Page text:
How to talk to teenagers about money

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Part two of a three part series, in this article we discuss how to talk to teenagers about money. The right financial education can make your children feel more confident about money so, when they are older, they have the knowledge and skills to meet their financial goals.

Fortunately, we can instill positive habits such as regular saving and living within your means from a very young age. As they get older, you can then build on that foundation by helping them expand their knowledge, so they understand how taxes and debts work, and how they may be able to invest their wealth in the future, for example.

Ultimately, having these conversations as a family can benefit all of you. Yet, many people shy away from talking about money and you may be unsure how to start the conversation.

You lay the foundations for adulthood during your teenage years, and learning how to manage your finances is a vital part of this. Unfortunately, many young people do not get the education they need from school.

Indeed, according to the Young Person’s Money Index, 82% of young people want more financial education and 70% feel anxious about money due to the cost-of-living crisis. The good news is, you can teach them what they want to know and help them feel more confident about money simply by having more open conversations.

Some of the main things you might discuss include:

Your own finances

Sharing details of your own finances with them is a good place to start. By showing them how much you earn and what your outgoings are, they can get a sense of how money works in the real world. You can also demonstrate why good money management is key to meeting financial obligations and working towards long-term goals like saving for retirement.

If you don’t feel that it’s appropriate to discuss the details of your finances with your children, you could always use an example, with assumed income and outgoings instead.

First jobs and payslips

Many people have their first job as a teenager, which brings financial independence for the first time. But they may need some help understanding their payslip and key information on it, such as National Insurance (NI) and Income Tax deductions.

You may also want to give them some advice on what percentage of their wages to put into savings each month.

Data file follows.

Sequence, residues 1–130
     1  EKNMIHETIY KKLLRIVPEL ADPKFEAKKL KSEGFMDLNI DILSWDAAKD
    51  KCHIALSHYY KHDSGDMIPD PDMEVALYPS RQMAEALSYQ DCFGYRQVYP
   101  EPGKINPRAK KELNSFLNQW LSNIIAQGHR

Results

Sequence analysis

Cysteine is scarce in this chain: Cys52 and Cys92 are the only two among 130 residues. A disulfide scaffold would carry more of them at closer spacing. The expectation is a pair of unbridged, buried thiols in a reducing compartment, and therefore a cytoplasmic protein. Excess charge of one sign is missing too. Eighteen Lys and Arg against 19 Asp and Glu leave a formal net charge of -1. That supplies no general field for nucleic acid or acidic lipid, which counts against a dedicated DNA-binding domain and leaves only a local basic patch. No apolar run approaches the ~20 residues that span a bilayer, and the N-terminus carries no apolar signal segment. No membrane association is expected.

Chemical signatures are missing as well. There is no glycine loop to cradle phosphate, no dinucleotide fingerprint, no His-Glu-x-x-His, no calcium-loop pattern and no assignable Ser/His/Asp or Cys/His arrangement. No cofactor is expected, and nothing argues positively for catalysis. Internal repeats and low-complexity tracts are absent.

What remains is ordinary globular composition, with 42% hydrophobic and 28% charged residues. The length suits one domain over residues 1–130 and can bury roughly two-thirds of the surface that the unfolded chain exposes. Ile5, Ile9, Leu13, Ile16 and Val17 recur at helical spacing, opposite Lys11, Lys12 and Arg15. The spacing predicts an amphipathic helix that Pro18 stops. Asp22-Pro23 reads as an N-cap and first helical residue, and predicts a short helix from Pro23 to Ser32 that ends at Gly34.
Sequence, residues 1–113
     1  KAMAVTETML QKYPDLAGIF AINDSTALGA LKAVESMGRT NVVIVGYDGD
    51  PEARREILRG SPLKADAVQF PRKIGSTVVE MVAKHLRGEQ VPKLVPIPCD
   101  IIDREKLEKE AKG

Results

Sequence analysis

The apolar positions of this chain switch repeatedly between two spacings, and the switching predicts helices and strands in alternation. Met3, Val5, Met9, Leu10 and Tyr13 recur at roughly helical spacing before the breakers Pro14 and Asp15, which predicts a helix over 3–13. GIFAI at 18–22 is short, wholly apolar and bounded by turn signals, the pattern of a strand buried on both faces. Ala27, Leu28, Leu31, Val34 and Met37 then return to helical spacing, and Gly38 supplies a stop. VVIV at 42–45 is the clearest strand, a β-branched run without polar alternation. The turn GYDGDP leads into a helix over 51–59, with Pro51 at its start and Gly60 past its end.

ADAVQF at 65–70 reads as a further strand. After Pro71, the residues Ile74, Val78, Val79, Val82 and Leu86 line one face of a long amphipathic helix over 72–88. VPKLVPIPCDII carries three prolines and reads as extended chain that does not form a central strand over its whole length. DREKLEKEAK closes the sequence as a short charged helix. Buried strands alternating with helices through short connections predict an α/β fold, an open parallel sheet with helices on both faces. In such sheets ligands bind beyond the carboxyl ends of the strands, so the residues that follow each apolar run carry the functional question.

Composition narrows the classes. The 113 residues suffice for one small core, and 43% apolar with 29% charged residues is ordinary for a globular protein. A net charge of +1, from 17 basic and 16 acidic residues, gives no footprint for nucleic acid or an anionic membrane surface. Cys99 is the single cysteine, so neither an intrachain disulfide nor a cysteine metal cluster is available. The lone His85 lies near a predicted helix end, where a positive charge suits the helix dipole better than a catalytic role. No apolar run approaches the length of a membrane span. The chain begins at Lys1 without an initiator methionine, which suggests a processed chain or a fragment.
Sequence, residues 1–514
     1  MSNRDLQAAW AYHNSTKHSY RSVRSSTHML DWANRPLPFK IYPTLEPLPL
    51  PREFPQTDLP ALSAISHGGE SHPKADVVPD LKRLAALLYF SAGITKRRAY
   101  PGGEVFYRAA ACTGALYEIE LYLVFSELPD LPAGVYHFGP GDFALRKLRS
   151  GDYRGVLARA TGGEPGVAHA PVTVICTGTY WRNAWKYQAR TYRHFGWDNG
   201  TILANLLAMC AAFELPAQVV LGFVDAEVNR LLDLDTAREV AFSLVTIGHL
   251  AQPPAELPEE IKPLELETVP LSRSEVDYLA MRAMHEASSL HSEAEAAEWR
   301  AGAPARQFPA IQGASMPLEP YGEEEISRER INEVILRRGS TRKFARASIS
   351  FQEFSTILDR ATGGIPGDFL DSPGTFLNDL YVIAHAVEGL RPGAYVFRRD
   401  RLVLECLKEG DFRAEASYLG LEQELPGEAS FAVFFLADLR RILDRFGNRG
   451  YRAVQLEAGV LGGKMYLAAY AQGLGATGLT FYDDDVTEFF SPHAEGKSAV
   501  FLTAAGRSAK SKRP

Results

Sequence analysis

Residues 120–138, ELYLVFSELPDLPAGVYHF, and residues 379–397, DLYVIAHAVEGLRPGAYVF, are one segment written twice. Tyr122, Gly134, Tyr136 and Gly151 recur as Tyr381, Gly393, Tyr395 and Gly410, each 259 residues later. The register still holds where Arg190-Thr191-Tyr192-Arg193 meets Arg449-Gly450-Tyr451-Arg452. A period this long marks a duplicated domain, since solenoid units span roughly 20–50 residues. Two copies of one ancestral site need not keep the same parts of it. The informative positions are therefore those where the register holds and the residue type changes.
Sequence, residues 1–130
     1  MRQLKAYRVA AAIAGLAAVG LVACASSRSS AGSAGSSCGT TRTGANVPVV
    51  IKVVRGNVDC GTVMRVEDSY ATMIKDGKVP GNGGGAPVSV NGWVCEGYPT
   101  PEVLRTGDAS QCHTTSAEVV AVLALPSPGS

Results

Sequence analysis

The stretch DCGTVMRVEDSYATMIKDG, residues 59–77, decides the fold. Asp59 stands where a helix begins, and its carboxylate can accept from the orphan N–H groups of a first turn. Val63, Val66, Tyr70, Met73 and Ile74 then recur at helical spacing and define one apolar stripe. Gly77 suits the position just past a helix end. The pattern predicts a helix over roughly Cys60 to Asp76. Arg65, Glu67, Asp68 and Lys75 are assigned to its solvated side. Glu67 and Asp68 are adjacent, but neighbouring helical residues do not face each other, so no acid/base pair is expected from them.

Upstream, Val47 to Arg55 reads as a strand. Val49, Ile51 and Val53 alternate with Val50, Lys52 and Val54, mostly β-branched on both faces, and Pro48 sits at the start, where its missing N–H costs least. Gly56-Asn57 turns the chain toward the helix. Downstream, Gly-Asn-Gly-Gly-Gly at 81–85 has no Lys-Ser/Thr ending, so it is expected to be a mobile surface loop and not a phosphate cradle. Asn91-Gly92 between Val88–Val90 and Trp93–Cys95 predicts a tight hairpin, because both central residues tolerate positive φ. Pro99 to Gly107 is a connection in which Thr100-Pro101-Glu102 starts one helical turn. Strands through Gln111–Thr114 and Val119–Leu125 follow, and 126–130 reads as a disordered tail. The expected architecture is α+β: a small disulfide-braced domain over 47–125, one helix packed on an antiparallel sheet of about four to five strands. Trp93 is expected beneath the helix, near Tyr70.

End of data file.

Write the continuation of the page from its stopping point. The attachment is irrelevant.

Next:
How debt works

Developing a good relationship with debt from a young age is incredibly beneficial. To help with this, explain the difference between good and bad debt, how interest rates work, and when borrowing is the right option.

Taking out a student loan is often the first time that your child will have personal debt. As such, it may be useful to bring your teenager to speak with your adviser about the loan so they can understand what they are borrowing, how the interest is calculated, and what the repayments are likely to be.

A real-world example like this could be an effective way for your child to learn exactly how debt works and why it can be a useful tool.

By learning these lessons now, your child may be more likely to make borrowing work for them and avoid excessive debt in the future.

You could open a Junior Stocks and Shares ISA for them and encourage them to contribute a small amount each month. Matching their contributions and showing them how to choose different investments is also a good way to engage them in the process.

Consider starting a pension for them and making contributions too, so you can kickstart their retirement savings and teach them the importance of long-term planning.

The top things teenagers want to learn about are:

  • Financial products like mortgages, loans, pensions and credit cards
  • How taxes work
  • How student loans work

Did you know?

80% of 16–25-year-olds are making investments for their future.

Talking to your children about money is one of the best ways you can support them in building their own financial plan.

When they reach their teenage years, you can build on earlier knowledge as they start earning their own money. Helping them get started with investments and saving, and letting them see how you manage your own finances will stand them in good stead as they approach adulthood.

If you need more advice about any of the topics covered in this guide, and how to help your children at each stage of their life, please get in touch with your financial planner.

Sources

Young Person’s Money Index The London Institute of Banking and Finance.
2022 Gen Z investment report Royal Mint
Majority of parents yet to discuss will with adult children, study reveals MoneyAge.
Your Guide to Talking About Money

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